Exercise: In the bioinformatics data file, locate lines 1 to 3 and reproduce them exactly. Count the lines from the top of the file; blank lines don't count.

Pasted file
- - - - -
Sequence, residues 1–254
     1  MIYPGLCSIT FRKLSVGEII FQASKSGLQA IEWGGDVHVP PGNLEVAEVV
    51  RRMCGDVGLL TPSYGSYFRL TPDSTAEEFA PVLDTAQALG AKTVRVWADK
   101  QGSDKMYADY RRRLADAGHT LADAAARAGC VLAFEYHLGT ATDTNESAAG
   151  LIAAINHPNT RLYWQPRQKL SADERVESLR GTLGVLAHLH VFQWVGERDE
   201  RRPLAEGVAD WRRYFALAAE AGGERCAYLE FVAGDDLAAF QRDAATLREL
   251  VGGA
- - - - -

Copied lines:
Sequence, residues 1–254
     1  MIYPGLCSIT FRKLSVGEII FQASKSGLQA IEWGGDVHVP PGNLEVAEVV
    51  RRMCGDVGLL TPSYGSYFRL TPDSTAEEFA PVLDTAQALG AKTVRVWADK